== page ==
New research has found that screening for cervical cancer is so effective that it prevents an estimated 1,827 deaths a year in England. However, if all women aged between 25 and 64 who are invited for screening attended, an extra 347 deaths a year could be avoided.
Researchers from the Queen Mary University of London studied the records of more than 11,000 women in England who had been diagnosed with the disease. The study is the first of its kind to establish the impact that screening has had on deaths from cervical cancer.
“Thousands of women in the UK are alive and healthy today thanks to cervical screening,” said Professor Peter Sasieni, the lead researcher. “The cervical screening programme already prevents thousands of cancers each year and as it continues to improve, by testing all samples for the human papilloma virus, even more women are likely to avoid this disease,” he added.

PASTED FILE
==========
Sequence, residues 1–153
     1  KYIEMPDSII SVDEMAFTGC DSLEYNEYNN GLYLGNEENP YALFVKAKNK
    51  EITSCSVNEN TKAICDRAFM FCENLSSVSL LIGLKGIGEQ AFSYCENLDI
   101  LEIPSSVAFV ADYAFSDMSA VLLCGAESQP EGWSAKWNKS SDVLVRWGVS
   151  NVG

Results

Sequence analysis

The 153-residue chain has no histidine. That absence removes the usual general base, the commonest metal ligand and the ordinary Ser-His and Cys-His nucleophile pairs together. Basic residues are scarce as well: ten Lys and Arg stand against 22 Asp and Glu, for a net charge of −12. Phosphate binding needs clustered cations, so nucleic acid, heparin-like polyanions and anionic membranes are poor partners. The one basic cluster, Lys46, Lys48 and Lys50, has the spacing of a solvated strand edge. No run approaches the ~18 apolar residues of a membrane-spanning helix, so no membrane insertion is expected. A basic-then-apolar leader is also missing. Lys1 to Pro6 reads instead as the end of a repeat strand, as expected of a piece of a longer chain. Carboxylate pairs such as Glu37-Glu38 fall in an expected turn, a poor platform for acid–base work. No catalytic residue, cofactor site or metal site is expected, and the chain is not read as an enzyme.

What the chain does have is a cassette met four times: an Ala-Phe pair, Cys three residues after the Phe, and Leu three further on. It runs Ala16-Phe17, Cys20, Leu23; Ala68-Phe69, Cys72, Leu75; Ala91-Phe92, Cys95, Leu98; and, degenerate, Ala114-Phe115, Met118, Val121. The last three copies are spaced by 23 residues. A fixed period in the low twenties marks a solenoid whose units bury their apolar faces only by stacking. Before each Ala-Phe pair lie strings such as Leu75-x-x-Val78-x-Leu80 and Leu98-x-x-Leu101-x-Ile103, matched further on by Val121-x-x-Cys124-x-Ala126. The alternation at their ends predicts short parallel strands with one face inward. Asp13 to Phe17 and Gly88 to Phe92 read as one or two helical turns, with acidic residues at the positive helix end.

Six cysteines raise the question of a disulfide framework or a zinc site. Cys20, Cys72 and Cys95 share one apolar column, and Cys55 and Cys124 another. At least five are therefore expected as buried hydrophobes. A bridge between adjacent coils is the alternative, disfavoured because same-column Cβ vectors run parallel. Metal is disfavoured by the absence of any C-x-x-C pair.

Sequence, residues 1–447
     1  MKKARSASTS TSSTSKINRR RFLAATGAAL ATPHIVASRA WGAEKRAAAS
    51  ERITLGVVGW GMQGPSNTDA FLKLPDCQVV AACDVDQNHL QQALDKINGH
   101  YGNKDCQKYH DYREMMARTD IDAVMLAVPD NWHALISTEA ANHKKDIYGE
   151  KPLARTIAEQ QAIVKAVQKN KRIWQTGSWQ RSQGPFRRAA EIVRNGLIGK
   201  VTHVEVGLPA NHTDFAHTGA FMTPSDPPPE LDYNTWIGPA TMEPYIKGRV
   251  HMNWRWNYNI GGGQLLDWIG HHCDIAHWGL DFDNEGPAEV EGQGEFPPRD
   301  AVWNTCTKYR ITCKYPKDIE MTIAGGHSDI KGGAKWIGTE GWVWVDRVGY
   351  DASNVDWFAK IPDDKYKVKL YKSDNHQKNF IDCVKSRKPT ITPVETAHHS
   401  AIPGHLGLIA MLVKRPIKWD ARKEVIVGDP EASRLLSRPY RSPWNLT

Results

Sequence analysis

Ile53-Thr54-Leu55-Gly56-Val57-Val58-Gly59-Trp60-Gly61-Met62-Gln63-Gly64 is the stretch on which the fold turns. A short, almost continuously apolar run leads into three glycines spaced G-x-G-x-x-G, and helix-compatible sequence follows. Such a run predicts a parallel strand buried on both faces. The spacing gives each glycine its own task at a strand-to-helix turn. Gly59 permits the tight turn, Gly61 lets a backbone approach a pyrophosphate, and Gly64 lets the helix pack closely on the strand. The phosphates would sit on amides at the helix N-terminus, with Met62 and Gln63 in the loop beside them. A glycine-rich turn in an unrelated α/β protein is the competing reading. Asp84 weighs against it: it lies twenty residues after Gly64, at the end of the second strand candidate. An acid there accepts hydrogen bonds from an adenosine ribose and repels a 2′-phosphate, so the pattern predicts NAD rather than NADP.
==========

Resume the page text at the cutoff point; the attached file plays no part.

Screening for cervical cancer was introduced across the UK in 1988. In England women aged between 25 and 49 are invited for screening every three years and those aged between 50 and 64 every five years. Between 70% and 73% of all eligible women attend for screening. However, there is concern as the numbers have been falling, which may leave some women at risk as cancer survival rates are considerably higher with early diagnosis.
Dr Claire Knight, Health Information Manager at Cancer Research UK, said women should take up the offer to attend cervical screening when invited.
"It's important to remember that cervical screening is for women without symptoms” she added.
The study is published in the British Journal of Cancer.